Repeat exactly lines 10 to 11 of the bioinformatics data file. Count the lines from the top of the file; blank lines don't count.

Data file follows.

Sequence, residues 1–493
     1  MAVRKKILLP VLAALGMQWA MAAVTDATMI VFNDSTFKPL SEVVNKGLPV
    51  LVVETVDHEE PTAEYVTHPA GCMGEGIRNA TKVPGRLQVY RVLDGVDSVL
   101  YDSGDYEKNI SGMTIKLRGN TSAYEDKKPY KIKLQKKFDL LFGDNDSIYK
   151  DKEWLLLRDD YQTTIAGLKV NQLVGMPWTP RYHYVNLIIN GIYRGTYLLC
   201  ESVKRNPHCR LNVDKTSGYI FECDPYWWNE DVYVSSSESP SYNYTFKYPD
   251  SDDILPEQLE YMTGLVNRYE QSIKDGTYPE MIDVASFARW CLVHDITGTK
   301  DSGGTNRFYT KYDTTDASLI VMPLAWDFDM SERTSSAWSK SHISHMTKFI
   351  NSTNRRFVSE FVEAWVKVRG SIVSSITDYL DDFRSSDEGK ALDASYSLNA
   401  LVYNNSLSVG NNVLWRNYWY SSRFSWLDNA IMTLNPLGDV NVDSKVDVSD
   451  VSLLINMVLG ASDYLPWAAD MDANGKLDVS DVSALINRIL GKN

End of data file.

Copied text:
   401  LVYNNSLSVG NNVLWRNYWY SSRFSWLDNA IMTLNPLGDV NVDSKVDVSD
   451  VSLLINMVLG ASDYLPWAAD MDANGKLDVS DVSALINRIL GKN